Abraham was the first Jew. He became a believer in the One God, who promised him and his wife Sarah that their descendants would become a great people, as numerous as the stars in the sky. God led Abraham and Sarah to the land of Israel (then called Canaan) but warned that their descendants would be strangers in a strange land, enslaved for 400 years.
Indeed, this prophecy came true. Joseph, the great-grandson of Abraham, and the son of Jacob and Rachel, came to live in Egypt after being sold by his jealous brothers to a caravan of merchants. Joseph had a gift: he was able to interpret dreams. Because of this, he rose in power as an advisor to Pharaoh. Joseph told Pharaoh to build storehouses and fill them with grain. When years of famine struck, there was still food to eat in Egypt. Pharaoh was so grateful that when Joseph's brothers came in search of food, he invited them to settle in the area. Jacob's descendants, known as the Israelites, multiplied greatly and lived peacefully in Egypt for many years.
Years later, though, a new Pharaoh came to rule, who did not remember Joseph and all he had done for the Egyptian people. This Pharaoh feared that the Israelites were becoming too numerous and too powerful and might side with the enemy if there should be war. This Pharaoh made the Israelites slaves. He forced them to do hard labor, building cities and palaces for Pharaoh. The people knew neither peace nor rest, only misery and pain. The cruelest decree of all was Pharaoh's order that every baby boy born to an Israelite must be drowned in the River Nile.
All sing (meaning: We were slaves in Egypt)
Avadim Hayinu Hayinu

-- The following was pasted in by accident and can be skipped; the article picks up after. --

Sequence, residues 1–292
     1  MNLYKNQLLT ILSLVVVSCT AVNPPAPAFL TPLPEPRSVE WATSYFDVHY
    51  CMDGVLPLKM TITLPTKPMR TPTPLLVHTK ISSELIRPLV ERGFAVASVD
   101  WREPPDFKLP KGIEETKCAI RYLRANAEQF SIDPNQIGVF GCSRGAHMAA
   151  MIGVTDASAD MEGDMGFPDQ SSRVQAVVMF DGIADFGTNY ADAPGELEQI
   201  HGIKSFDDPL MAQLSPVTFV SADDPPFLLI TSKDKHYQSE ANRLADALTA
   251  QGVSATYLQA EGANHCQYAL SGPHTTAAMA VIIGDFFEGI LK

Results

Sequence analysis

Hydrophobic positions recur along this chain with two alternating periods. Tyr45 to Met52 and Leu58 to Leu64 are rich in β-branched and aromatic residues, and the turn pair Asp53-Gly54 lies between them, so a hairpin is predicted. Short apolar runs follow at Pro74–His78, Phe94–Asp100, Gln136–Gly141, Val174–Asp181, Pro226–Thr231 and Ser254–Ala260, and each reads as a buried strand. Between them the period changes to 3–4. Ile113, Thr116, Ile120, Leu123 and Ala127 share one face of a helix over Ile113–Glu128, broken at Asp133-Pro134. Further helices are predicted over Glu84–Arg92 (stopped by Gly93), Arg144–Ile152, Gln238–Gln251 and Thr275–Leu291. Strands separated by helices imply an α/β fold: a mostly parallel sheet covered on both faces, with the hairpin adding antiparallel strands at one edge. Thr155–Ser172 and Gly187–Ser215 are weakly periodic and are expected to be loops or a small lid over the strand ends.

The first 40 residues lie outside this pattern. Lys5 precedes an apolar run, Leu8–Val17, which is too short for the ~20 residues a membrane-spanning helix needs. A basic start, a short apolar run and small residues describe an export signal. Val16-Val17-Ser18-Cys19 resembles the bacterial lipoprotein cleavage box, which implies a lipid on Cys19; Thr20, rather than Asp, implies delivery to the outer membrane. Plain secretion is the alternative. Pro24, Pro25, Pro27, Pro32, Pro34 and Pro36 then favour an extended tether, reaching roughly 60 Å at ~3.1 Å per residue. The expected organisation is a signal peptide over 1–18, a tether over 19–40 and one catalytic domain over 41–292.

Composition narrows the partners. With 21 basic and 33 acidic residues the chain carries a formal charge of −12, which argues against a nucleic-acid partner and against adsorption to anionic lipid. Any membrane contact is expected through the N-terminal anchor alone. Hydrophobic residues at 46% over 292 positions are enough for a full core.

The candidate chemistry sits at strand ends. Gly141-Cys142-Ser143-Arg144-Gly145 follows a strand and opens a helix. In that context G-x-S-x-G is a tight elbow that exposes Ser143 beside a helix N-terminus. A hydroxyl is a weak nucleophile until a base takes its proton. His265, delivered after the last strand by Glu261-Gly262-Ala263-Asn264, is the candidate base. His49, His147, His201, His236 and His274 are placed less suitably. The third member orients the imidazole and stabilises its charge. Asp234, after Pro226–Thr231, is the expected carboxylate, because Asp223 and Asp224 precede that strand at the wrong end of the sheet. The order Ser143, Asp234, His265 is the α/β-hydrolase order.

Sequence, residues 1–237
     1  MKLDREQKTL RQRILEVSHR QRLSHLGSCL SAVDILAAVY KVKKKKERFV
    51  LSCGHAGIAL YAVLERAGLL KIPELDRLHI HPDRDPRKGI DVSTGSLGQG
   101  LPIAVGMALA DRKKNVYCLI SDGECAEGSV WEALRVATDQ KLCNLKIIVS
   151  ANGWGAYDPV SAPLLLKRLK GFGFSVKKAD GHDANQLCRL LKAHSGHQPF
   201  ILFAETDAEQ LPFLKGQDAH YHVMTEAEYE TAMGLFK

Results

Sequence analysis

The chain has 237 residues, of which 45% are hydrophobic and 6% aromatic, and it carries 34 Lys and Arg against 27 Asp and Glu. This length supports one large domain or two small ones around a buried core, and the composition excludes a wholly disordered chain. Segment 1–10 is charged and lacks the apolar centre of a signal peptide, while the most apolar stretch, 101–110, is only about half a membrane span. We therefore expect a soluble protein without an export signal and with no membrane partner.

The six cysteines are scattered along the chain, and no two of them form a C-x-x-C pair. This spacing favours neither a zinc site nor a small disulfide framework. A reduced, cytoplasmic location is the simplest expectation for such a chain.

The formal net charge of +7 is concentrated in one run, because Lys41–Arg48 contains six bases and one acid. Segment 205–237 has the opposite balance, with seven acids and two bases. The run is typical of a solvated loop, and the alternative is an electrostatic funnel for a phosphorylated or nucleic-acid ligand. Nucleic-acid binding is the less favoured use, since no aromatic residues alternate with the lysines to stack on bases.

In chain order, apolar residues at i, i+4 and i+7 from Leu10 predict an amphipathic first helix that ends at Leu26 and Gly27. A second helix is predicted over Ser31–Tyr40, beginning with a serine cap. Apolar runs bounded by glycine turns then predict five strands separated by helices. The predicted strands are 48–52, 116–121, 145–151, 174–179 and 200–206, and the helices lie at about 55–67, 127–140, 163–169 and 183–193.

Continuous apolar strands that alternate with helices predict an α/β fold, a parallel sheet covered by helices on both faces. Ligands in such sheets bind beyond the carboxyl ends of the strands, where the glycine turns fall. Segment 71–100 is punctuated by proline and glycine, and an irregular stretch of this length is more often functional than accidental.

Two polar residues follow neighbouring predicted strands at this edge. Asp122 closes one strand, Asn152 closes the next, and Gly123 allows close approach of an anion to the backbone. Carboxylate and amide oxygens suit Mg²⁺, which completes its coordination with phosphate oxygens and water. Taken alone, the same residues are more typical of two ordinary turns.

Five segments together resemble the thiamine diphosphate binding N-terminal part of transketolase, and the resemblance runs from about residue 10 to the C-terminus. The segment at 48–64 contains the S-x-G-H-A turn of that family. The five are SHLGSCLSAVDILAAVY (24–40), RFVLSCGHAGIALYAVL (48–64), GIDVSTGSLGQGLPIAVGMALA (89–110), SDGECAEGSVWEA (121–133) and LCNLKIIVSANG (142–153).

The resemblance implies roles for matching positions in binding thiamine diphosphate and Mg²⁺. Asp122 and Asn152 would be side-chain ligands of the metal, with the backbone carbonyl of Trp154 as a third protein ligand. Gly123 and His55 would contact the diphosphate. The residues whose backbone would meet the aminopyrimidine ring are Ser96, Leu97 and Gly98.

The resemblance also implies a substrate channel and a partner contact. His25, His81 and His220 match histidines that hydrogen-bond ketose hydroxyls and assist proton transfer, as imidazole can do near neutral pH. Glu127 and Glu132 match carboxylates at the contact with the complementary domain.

Atah b'nai chorin b'nai chorin
Atah Atah b'nai chorin b'nai chorin
One couple, Amram and Yocheved, hid their baby in a basket on the riverbank, so Pharaoh wouldn't find him. When Pharaoh's daughter, the princess, came down to the river, she found the baby and decided to take him home to the palace. She named the baby Moses. In Hebrew his name means, "Brought out of the water."
Miriam, the baby's sister, saw the princess come to rescue her baby brother and asked if she needed a helper to take care of the baby. The princess said yes, and Miriam went back to her mother and told her she could go to the palace and care for the baby. In this way, Yocheved was able to care for her son Moses, and teach him about his people.
Moses could have lived at the Pharaoh's palace forever, but he could not ignore the suffering of his people. One day, he saw an Egyptian beating an Israelite slave, and he was unable to control his anger. He killed the Egyptian. Knowing his life would be in danger once the news of this deed spread, Moses fled to the land of Midian where he became a shepherd.
One day, while tending sheep on Mount Horeb, Moses saw a bush that seemed to be on fire but was not burning up. From the bush, he heard God's voice calling to him. The voice told Moses to go back to Egypt to free the Jewish slaves and lead them away from Pharaoh. So, with his older brother Aaron, Moses returned to Egypt.
When Israel was in Egypt land
Let my people go!
Oppressed so hard they could not stand
Let my people go!
Go down, Moses
Way down in Egypt land
Tell old Pharaoh
Let my people go!
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